Russian YouTubers Working Around Government Ban to Get Their Stories Out

Facing potentially hefty prison terms under a new Russian censorship law, YouTubers in the country are using carefully coded language in their videos and encryption technology to evade authorities.

Russian critics of President Vladimir Putin and his invasion of Ukraine risk imprisonment getting their messages out while having a harder time monetizing their content as tech companies reduce their footprint in the country. In response, Russian opposition YouTubers have found ways to sidestep the restrictions but still face challenges they expect to get worse.

"On Twitter, a lot of people post things like "Russians, you can stop this war". But no! Russians can't," Maya Volf, a Russian YouTube producer, told state-run France 24. "Even just getting information and sharing it with others is really dangerous for us and our families. For example, my husband is in Turkey right now because I am afraid for him."

Russia's parliament earlier this month passed a law criminalizing the publication of "fake news," that would include information that "discredits the use of the Russian Armed Forces." Under the law, using words like "invasion" or "assault" to refer to Russia's war and Ukraine is outlawed. Russian media outlets have had to describe the war as a "special operation." Those that run afoul of the law could face up to 15 years in prison.

Russian Journalist Ilya Varlamov Arrest
YouTubers in Russia are using carefully coded language in their videos and encryption technology to evade authorities. Above, Russian policemen detain blogger and journalist Ilya Varlamov (C) during an unauthorized protest rally against the jailing of opposition leader Alexei Navalny on January 23, 2021, in Moscow, Russia. Police on Saturday detained more than 2000 protesters demanding the release of Vladimir Putin's critic Alexei Navalny. Opposition media have had a harder time getting their message out with government restrictions and tech companies reducing their footprint in the country. Mikhail Svetlov/Getty Images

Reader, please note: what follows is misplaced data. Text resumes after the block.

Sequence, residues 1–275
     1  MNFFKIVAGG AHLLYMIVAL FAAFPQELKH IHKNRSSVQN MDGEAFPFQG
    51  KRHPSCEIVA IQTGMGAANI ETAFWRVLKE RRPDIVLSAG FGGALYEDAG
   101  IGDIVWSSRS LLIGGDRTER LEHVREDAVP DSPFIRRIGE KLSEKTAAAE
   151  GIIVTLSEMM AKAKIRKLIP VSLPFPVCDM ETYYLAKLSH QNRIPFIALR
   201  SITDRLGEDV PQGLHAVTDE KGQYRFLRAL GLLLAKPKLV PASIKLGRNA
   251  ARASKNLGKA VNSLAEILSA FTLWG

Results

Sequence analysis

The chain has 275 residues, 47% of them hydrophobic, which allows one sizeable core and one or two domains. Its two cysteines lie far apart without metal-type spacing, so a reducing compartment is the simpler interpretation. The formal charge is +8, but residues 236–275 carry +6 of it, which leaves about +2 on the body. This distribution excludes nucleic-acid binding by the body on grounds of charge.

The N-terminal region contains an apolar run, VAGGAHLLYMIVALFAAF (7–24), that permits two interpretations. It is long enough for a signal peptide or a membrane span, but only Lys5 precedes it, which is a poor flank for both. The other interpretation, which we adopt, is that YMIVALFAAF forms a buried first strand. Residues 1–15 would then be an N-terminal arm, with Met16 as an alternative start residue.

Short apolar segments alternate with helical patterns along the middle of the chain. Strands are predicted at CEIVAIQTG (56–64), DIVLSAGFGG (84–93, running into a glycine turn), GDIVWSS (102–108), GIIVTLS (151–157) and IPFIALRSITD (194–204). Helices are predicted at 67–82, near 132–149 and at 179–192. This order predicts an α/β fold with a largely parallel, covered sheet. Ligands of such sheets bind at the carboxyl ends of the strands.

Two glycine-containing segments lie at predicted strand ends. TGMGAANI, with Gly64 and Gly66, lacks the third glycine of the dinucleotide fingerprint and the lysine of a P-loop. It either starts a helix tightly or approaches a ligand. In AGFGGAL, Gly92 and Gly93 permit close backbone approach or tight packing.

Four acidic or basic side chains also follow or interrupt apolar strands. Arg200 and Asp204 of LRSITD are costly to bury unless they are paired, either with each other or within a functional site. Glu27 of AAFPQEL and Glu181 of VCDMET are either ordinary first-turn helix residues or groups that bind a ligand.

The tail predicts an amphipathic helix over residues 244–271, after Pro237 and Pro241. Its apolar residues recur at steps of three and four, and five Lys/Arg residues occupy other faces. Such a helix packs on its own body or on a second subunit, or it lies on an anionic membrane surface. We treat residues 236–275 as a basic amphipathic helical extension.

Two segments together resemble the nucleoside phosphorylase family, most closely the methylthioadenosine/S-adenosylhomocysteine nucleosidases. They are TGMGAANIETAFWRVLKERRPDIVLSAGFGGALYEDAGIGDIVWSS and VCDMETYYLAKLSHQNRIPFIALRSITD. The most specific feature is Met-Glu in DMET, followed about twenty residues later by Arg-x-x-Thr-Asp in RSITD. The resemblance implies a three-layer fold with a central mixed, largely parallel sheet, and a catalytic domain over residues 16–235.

Volf, who works as a producer for journalist and opposition YouTuber Ilya Varlamov, said in the interview that journalists and others have had to "create a new dictionary to get around this new media law." Because even saying "stop the war" is illegal critics have instead mentioned "tanks" and or used the phrase "situation in Ukraine."

However, she said lawyers still vet every word and the tactic results in strange combinations of words that she worries the message still won't come through.

YouTube last week announced that it would pause all ads and other monetization features in Russia in response to demands from the country's media regulator, Roskomnadzor. That makes it harder for those like Varlamov to make a living.

"Russia has become the world leader in terms of the number of sanctions imposed against it, YouTube has finally banned Russian authors from earning money, and Roskomnadzor has decided to block Instagram altogether," Varlamov said in a tweet Sunday. "Every week the news gets sadder and sadder."

Volf told France that she expects YouTube and Instagram to be shut down soon.

But opposition media could still have options for getting around Russian authorities.

Meduza, an independent Russian news outlet based in Latvia, published a guide to accessing information blocked by authorities that recommended using a virtual private network that sends users' Internet traffic through an encrypted connection. The news outlets also recommend using browser extensions that get around banned websites or using Tor, an online network that allows users' to shroud their traffic from censors.

Alec Muffett, a prominent online security expert, tweeted that Twitter was launching a service on Tor to help users get around government restrictions.

Newsweek has reached out to YouTube and Twitter for comment.